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Surprise Braking Trials, Time-to-Collision Judgments, and “First Look” Maneuvers Under Realistic Rear-End Crash Scenarios
  • Published Date:
    2005-08-01
  • Language:
    English
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  • Alternative Title:
    Forward collision warning requirements project : tasks 2 and 3a, final report ; Forward collision warning requirements project, final report -- tasks 2 and 3a, "surprise braking trials, time-to-collision judgments, and "first-look" maneuvers under realistic rear-end crash scenarios" ;
  • Resource Type:
  • Edition:
    Final report
  • NTL Classification:
    NTL-INTELLIGENT TRANSPORTATION SYSTEMS-Collision Avoidance Systems (Vehicles) ; NTL-INTELLIGENT TRANSPORTATION SYSTEMS-Crash Prevention and Safety ; NTL-SAFETY AND SECURITY-Accidents ; NTL-SAFETY AND SECURITY-Vehicle Design ; NTL-SAFETY AND SECURITY-Human Factors ;
  • Abstract:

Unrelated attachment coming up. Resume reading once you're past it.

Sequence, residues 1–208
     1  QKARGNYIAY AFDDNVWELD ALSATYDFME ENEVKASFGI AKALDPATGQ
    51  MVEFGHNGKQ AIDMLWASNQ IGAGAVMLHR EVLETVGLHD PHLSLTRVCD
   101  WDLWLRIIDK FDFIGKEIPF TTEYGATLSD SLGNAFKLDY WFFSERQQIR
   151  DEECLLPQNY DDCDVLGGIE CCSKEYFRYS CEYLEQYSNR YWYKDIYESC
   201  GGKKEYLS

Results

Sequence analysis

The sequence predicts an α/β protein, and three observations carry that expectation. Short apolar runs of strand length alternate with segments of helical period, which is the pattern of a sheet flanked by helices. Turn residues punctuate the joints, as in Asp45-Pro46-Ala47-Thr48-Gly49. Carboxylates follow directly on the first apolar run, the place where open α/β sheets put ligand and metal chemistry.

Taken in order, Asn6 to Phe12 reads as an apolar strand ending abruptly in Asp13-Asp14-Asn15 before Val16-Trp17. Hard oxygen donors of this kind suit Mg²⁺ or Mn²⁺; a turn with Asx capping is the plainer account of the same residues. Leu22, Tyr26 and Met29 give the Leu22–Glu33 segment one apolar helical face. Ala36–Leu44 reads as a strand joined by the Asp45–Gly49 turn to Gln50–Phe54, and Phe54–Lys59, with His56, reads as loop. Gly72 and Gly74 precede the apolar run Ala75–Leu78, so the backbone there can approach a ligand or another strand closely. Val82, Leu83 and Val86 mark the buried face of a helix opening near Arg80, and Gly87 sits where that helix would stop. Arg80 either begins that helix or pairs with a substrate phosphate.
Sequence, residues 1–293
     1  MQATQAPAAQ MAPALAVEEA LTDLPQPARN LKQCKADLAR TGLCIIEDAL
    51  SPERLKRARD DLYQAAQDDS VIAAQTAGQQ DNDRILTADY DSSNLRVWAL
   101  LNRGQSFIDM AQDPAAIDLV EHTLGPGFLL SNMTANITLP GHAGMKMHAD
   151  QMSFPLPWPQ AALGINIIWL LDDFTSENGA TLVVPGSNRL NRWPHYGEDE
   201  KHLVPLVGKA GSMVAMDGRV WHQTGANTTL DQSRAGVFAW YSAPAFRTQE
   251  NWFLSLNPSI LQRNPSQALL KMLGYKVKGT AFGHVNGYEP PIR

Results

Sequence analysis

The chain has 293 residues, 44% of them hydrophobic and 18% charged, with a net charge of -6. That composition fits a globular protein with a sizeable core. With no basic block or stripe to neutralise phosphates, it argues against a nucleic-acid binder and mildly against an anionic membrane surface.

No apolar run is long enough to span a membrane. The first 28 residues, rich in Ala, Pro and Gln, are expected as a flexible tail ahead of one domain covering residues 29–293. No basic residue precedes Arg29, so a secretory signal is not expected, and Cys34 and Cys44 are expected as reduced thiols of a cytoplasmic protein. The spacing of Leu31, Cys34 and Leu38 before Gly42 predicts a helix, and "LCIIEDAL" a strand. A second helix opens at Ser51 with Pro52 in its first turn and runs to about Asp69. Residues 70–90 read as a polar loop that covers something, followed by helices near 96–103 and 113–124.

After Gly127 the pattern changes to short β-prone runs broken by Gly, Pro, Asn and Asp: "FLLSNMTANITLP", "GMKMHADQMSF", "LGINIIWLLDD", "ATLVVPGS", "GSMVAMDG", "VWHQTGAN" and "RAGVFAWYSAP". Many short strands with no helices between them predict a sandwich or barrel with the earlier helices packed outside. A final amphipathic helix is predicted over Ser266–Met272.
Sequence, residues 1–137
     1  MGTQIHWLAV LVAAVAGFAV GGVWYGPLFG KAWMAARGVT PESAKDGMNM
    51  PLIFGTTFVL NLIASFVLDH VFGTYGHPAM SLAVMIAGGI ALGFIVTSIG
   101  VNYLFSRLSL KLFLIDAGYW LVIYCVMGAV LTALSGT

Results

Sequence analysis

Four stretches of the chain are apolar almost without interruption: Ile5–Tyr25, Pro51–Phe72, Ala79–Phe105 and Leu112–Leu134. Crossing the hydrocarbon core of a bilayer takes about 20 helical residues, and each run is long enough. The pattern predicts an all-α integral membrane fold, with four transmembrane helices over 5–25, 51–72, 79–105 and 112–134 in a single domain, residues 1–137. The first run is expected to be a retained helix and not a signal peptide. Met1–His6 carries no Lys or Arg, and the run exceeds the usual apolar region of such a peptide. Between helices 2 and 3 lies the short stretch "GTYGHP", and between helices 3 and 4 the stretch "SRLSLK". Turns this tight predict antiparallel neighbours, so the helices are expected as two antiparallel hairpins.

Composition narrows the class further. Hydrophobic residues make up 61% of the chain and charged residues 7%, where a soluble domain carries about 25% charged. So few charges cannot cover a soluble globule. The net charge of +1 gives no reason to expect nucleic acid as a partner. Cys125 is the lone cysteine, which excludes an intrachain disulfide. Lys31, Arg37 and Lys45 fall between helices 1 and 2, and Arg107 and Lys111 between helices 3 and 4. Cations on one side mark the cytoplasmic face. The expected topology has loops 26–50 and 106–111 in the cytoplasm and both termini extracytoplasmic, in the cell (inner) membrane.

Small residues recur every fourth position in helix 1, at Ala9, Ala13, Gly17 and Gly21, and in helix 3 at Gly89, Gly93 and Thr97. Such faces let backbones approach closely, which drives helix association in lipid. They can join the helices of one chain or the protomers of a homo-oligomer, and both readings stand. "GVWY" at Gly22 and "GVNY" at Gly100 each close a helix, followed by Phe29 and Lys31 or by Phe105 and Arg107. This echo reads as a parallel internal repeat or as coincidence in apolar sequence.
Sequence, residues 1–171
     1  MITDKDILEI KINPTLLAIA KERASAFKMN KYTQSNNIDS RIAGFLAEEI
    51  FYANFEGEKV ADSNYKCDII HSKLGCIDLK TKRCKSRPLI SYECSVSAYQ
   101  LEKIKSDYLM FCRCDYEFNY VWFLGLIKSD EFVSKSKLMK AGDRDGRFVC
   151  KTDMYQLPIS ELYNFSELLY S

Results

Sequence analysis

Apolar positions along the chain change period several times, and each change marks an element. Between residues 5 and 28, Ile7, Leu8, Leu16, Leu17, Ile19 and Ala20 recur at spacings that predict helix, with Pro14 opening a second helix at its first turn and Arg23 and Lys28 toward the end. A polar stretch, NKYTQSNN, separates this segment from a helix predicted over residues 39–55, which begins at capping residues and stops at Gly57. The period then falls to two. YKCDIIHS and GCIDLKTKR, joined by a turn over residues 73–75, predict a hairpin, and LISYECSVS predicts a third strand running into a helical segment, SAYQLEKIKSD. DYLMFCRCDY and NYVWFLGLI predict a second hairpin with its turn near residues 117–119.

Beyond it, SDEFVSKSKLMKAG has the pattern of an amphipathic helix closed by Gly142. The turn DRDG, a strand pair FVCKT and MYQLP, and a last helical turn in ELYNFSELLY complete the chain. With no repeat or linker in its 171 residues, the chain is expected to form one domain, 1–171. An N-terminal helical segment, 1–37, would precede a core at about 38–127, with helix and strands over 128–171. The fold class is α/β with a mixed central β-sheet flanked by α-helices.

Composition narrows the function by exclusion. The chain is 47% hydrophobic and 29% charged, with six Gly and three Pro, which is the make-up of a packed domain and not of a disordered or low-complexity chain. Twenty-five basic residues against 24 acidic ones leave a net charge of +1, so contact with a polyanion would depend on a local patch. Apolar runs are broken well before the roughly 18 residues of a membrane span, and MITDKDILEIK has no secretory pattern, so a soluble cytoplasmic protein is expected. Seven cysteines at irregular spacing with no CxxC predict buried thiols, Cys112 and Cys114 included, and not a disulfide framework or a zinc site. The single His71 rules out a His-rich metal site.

This project continues to build upon the foundation provided by the human factors experimentation conducted in the previous Crash Avoidance Metrics Partnership (CAMP) Forward Collision Warning (FCW) system efforts. As in the previous CAMP FCW research, this work was conducted with a surrogate target, test-track methodology, which allows driver behavior to be observed under controlled, real approach, rear-end crash scenario conditions. The surrogate target, test-track methodology involves three vehicles—a lead vehicle, a mock vehicle (or surrogate target vehicle), and a subject vehicle that is driven by the test participant. The real driving conditions created with the surrogate target, test track methodology are likely to increase the chance that the crash alert timing approach developed will generalize to real-world conditions. The major conclusions from this research are as follows: (1) Based on test driver intervention rates during surprise trials, the alert timing approach evaluated, coupled with a single-stage, dual-modality (auditory plus visual) FCW alert, was found to be robust, effective, and judged appropriate across the wide range of conditions evaluated; (2) The benefits of the FCW alert during surprise trials were restricted to tasks involving head-down glance activity and were not evident for the eyes-forward distraction tasks examined; (3) Results from the time-to-collision (TTC) and first look visual occlusion studies suggest that, provided the driver is looking toward the lead vehicle, the driver can quickly assess TTC and make the appropriate crash avoidance maneuver under the alert timing assumptions evaluated; (4) Across all the actual FCW alert or simulated FCW alert (via visual occlusion) conditions examined, there is generally a lack of both age and gender effects. This suggests that FCW alerts may be an effective means of equalizing a driver’s abilities to avoid rear-end crashes. The “first look” method appears to be a valid, efficient, and promising method for exploring the consequences of later FCW alert timing (e.g., crash avoidance versus crash mitigation).

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